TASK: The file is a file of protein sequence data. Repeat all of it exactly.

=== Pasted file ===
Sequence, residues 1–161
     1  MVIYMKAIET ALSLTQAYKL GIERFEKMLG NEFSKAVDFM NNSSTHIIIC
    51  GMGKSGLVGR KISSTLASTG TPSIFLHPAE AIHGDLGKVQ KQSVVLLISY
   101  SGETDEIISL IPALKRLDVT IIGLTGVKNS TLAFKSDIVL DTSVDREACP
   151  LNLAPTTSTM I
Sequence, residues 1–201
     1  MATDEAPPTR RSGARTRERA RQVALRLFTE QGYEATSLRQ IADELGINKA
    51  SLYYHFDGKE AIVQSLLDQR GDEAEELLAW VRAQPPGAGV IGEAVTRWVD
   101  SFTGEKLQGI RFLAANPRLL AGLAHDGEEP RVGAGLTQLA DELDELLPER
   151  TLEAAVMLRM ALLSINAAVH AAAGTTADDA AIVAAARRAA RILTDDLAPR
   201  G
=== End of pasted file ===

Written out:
Sequence, residues 1–161
     1  MVIYMKAIET ALSLTQAYKL GIERFEKMLG NEFSKAVDFM NNSSTHIIIC
    51  GMGKSGLVGR KISSTLASTG TPSIFLHPAE AIHGDLGKVQ KQSVVLLISY
   101  SGETDEIISL IPALKRLDVT IIGLTGVKNS TLAFKSDIVL DTSVDREACP
   151  LNLAPTTSTM I
Sequence, residues 1–201
     1  MATDEAPPTR RSGARTRERA RQVALRLFTE QGYEATSLRQ IADELGINKA
    51  SLYYHFDGKE AIVQSLLDQR GDEAEELLAW VRAQPPGAGV IGEAVTRWVD
   101  SFTGEKLQGI RFLAANPRLL AGLAHDGEEP RVGAGLTQLA DELDELLPER
   151  TLEAAVMLRM ALLSINAAVH AAAGTTADDA AIVAAARRAA RILTDDLAPR
   201  G